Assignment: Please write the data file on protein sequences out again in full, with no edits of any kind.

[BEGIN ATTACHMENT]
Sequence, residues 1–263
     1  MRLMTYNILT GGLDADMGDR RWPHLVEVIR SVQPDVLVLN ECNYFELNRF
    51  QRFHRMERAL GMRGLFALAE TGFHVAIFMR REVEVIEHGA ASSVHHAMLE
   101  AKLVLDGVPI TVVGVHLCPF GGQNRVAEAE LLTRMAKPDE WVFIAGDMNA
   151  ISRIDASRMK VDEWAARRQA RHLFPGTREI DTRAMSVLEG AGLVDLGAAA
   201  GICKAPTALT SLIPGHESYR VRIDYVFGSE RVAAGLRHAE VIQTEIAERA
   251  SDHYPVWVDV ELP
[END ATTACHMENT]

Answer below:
Sequence, residues 1–263
     1  MRLMTYNILT GGLDADMGDR RWPHLVEVIR SVQPDVLVLN ECNYFELNRF
    51  QRFHRMERAL GMRGLFALAE TGFHVAIFMR REVEVIEHGA ASSVHHAMLE
   101  AKLVLDGVPI TVVGVHLCPF GGQNRVAEAE LLTRMAKPDE WVFIAGDMNA
   151  ISRIDASRMK VDEWAARRQA RHLFPGTREI DTRAMSVLEG AGLVDLGAAA
   201  GICKAPTALT SLIPGHESYR VRIDYVFGSE RVAAGLRHAE VIQTEIAERA
   251  SDHYPVWVDV ELP